Sonic Automotive Pres. Jeff Dyke on record earnings: ‘we’re not slowing down’

Sonic Automotive, one of the auto industry’s top performers, had an incredible 2021. The expansion of its pre-owned brand EchoPark Automotive, the acquisition of RFJ Auto Partners, and record net incomes are a reflection of this. The Fortune 500 company based in Charlotte, North Carolina is reporting record fourth-quarter revenues of $3.2 billion, up 13.8% year-over-year. 

Today on Inside Automotive, we’re pleased to welcome back Jeff Dyke, President of Sonic Automotive, to share his insight and perspective on 2021 earnings and where the company is headed in this new year. 

Fourth-quarter highlights: 

  • Record Q4 income from continuing operations before taxes of $122.1 million, up 35.1% year-over-year
  • Record Q4 net income from continuing operations of $96.3 million ($2.25 per diluted share)
  • All-time record quarterly total F&I gross profit per retail unit of $2,415, up 18.9% year-over-year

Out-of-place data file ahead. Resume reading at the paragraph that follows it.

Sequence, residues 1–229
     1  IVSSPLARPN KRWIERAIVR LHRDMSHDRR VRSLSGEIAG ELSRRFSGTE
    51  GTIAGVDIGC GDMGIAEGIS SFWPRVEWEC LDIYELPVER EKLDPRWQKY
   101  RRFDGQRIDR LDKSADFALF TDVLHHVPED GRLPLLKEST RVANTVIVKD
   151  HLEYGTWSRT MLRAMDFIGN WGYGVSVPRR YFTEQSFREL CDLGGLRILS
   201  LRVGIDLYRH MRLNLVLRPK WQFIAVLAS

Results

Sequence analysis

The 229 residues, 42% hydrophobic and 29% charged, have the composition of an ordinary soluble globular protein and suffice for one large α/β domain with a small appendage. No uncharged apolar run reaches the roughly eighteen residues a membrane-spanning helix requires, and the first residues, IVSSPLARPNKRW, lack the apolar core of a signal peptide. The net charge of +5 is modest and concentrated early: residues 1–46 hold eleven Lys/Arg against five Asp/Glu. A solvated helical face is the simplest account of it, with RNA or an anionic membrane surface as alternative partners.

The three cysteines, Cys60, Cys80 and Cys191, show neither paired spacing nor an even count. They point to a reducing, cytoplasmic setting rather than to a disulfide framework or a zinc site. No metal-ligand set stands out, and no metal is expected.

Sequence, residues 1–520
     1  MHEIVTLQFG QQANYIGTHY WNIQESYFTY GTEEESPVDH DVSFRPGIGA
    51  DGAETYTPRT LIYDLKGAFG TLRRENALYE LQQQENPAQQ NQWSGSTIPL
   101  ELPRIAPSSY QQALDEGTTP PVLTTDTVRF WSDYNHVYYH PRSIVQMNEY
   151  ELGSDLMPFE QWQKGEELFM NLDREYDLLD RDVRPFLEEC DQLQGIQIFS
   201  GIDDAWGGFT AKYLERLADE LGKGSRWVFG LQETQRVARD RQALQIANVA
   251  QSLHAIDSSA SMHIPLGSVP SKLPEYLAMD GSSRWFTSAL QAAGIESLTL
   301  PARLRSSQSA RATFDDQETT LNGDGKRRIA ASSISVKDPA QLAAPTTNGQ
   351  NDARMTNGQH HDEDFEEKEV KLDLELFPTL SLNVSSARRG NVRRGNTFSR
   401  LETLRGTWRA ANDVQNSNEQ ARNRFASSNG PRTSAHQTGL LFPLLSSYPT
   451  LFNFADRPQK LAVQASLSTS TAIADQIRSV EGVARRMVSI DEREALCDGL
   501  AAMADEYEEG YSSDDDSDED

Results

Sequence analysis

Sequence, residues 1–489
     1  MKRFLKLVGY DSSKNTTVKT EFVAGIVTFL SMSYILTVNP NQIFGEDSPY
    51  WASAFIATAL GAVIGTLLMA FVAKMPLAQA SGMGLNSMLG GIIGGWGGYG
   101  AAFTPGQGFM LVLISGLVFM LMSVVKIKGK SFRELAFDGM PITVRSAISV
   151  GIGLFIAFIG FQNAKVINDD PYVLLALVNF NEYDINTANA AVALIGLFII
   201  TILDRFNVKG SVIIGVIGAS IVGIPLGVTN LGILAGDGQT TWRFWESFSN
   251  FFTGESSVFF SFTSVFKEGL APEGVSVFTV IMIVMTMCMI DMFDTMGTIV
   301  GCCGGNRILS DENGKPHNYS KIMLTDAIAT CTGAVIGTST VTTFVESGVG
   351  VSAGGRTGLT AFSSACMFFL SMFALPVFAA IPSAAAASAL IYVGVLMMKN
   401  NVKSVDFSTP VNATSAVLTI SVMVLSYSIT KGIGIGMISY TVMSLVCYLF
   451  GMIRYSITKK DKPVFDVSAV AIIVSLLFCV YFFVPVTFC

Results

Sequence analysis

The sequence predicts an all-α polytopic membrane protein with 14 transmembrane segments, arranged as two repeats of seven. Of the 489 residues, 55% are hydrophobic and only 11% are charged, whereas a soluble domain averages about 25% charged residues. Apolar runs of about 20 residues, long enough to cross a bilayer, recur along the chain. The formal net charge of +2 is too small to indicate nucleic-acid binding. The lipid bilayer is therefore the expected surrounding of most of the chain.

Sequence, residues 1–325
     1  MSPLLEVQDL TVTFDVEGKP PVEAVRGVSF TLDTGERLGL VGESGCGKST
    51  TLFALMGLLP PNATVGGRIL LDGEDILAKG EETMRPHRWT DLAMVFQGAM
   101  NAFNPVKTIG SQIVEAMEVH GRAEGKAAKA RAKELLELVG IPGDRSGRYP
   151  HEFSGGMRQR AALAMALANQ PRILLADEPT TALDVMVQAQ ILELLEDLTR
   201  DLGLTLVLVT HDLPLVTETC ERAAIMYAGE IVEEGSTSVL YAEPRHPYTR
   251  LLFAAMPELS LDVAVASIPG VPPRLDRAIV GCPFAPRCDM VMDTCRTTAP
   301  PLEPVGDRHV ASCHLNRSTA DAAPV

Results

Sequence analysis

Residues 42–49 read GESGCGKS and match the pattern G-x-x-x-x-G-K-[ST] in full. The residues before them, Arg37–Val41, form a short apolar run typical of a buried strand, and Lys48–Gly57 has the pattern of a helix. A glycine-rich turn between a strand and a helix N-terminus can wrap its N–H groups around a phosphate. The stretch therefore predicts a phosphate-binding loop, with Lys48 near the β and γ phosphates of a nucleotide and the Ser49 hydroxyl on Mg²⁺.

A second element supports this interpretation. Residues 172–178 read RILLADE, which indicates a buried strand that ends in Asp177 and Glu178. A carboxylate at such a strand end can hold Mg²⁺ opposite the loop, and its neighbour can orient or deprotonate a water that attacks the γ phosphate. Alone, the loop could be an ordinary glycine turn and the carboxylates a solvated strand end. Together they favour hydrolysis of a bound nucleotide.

• Record Q4 EchoPark revenues of $579.2 million, up 49.7% year-over-year

Business is great from Dyke’s perspective. While inventories are tight for both new and pre-owned cars, margins are at all-time highs. He would like inventory will come back a little more, but not all the way to pre-COVID levels. Right now, Sonic Automotive has an eleven-day supply average of new vehicles. They are hoping that number grows to 20 or 25, but no more than 30 days. That will keep margins in line and encourage more consumers to pay MSRP, says Dyke.

In fact, Dyke prefers to reduce price negotiations with customers by using one-price selling models. He believes MSRP is the fairest price for the vehicle, and by reducing negotiations, the industry can transform the car buying culture from ‘lowest price’ to ‘best experience.’

The company certainly practices what it preaches. EchoPark Automotive now has the highest scores on in the industry among all pre-owned car dealers.

“We’ve having a great time and working hard and I think that pays off,” says Dyke.

In terms of inventory shortages and market adjustments, Dyke says that Sonic Automotive strategizes for the long term. The business is moving forward, full-steam ahead, and no decisions are being made based on short-term events.

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